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Wednesday, June 10, 2009


Dracula A.D. 1972
Music by Mike Vickers
BSX Records BSXCD 8855 (US)
15 Tracks 53:44 mins

Mike Vickers, a former member of '60s pop group Manfred Mann had a brief film composing career in the '70s, commencing with this the first of two attempts by Hammer to bring Count Dracula into the modern world, the second being The Satanic Rites of Dracula. He went on to provide creditable scores for 1976's At the Earth's Core and 1978's Warlords of the Deep, before his opportunities sadly fizzled out. It's long been my hope that his music would eventually surface on CD and at last BSX Records has taken the first step to realise my wish.
Of course Vickers' contemporary approach to his score for Dracula A.D. 1972 didn't sit well with some critics, not indeed did the modernisation of the Dracula saga but, taken on its own merits, Vickers provided a fine contemporary score, which compares favourably especially with much of what was being written for film & TV thrillers and crime shows of the period. But the album in fact opens with a brief snatch of James Bernard's Dracula theme before plunging into the score proper with Vickers' propulsive horns and drums driven "Prologue" theme, which gives way to menacing rolls on the drums and crashing cymbals. The "Prologue" theme is then given a catchy modern pop setting, with sax lead for the title track.
"Baptism By Blood" is trippy, dissonant piece, featuring disjointed sax; whilst "Dracula Rising/The Blood Ritual/Laura Screams" commences with a nod towards Bernard, providing his own ominous theme for the Count, with includes the same kind of warped brass that is now perhaps more associated with the Terminator universe, before giving way to a flowing, pop-styled piece of action music. The same theme also features in the subsequent "Dracula Returns/Dracula Bites Laura," the latter building to a big climax as the Count gets his girl. Somehow, "Alucard=Dracula/Not the One!/Give Me the Power" reminds me a little of some of John Barry's music from Diamonds Are Forever, which of course was released a year earlier. Whether the likeness is sub-conscious or no, I know not, but it is nevertheless largely an effectively suspenseful cue; whereas the electric guitar-driven "Dumping the Body/Van Helsing Prepares/Jessica Walks into the Trap" reminds more something to be found in the likes of Isaac Hayes' Shaft.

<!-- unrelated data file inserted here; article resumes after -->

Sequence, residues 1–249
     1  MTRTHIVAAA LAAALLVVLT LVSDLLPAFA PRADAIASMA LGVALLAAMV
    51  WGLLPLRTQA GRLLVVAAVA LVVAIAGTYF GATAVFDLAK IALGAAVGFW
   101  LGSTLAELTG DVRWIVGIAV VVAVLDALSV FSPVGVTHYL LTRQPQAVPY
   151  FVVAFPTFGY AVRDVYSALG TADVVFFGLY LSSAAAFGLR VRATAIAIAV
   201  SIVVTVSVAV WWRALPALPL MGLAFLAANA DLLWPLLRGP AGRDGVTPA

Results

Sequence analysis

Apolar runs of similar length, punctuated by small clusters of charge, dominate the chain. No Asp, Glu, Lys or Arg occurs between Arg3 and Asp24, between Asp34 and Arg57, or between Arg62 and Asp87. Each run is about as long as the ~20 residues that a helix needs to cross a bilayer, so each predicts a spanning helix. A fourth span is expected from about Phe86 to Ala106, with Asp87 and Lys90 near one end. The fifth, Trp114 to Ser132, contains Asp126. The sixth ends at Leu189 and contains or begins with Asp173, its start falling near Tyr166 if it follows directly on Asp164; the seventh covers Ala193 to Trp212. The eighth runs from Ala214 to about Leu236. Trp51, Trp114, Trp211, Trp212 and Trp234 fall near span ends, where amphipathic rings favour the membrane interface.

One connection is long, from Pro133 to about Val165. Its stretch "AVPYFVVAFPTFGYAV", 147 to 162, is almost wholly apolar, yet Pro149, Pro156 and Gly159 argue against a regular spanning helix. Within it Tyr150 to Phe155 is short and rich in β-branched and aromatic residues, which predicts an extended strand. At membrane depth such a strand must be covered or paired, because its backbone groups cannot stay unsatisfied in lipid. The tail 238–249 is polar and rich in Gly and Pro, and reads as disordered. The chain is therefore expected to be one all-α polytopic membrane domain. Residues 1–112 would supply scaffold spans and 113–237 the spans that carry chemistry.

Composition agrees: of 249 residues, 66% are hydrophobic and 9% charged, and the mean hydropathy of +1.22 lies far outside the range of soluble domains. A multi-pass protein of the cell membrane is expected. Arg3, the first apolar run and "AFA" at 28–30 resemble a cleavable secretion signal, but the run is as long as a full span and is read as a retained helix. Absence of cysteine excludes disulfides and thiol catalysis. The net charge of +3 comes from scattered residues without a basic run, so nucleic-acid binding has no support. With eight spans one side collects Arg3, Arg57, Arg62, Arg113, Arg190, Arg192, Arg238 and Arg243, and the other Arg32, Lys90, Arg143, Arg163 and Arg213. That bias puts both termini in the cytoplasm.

The main theme returns in full flow for "Van Helsing Heads to the Club," leading to a mix of suspense and jazzy sax-lead action music in ""Van Helsing Confronts Johnny/Johnny's Ignoble Death Scene." The 11-minute+ track 13, which represents the whole final sequence of the film, goes through quite a journey before reaching its conclusion, quoting as it does from much of the material laid down earlier, including more Barry/Bond-like suspense, ominous rumblings from Vickers' Dracula music, and of course fast and slow variations on the main theme, which closes out the score in fine style, after a brief redemptive moment for organ.
Track 5, "Devil's Circle Music," on the CD is the one piece in the body of the score not written by Vickers. A wild ritualistic piece, with screaming voices and much electronic mayhem, is taken from "White Noise: The Black Mass: An Electronic Storm in Hell," and is the work of Delia Derbyshire, Georgiana Duncan, Brian Hodgson, Paul Lytton and David Vorhaus.
Two bonus tracks are included at the end of the disc, both numbers by American band Stoneground, that are heard in the party scenes following the film's Main Titles.
Accompanying the CD, which is presented under licence from GDI Records, who issued a whole series of Hammer scores a few years back, before sadly ceasing operations, is a splendid booklet, with detailed notes on the film and score by Randall D. Larson, with contributions from the composer, and a personal reminiscence by one of the film's female stars Caroline Munro. Hurry along to to secure your copy of this limited edition run of just 1500 units.
My personal thanks go to BSX Records for rescuing this score, along with my hope that it might be possible for them to release Vickers' other aforementioned scores.


Blogger isbum said...

Nicely done, Jeff!
I listened to this today and had the same thought's regarding a John Barry connection.

Nice to know I'm not going batty in my old age!

10:33 PM  

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